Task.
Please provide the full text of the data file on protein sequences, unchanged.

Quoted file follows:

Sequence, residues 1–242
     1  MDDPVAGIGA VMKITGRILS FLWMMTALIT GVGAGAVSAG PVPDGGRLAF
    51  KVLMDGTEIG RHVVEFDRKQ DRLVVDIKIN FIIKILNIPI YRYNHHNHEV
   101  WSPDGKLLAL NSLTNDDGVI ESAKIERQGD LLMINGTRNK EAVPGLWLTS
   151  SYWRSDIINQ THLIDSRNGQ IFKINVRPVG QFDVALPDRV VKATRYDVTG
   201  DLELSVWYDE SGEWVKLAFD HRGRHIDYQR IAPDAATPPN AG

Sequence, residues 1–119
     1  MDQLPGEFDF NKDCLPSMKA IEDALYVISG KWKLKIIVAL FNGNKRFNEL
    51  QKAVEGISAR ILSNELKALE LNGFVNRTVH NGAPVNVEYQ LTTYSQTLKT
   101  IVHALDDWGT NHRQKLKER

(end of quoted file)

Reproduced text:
Sequence, residues 1–242
     1  MDDPVAGIGA VMKITGRILS FLWMMTALIT GVGAGAVSAG PVPDGGRLAF
    51  KVLMDGTEIG RHVVEFDRKQ DRLVVDIKIN FIIKILNIPI YRYNHHNHEV
   101  WSPDGKLLAL NSLTNDDGVI ESAKIERQGD LLMINGTRNK EAVPGLWLTS
   151  SYWRSDIINQ THLIDSRNGQ IFKINVRPVG QFDVALPDRV VKATRYDVTG
   201  DLELSVWYDE SGEWVKLAFD HRGRHIDYQR IAPDAATPPN AG

Sequence, residues 1–119
     1  MDQLPGEFDF NKDCLPSMKA IEDALYVISG KWKLKIIVAL FNGNKRFNEL
    51  QKAVEGISAR ILSNELKALE LNGFVNRTVH NGAPVNVEYQ LTTYSQTLKT
   101  IVHALDDWGT NHRQKLKER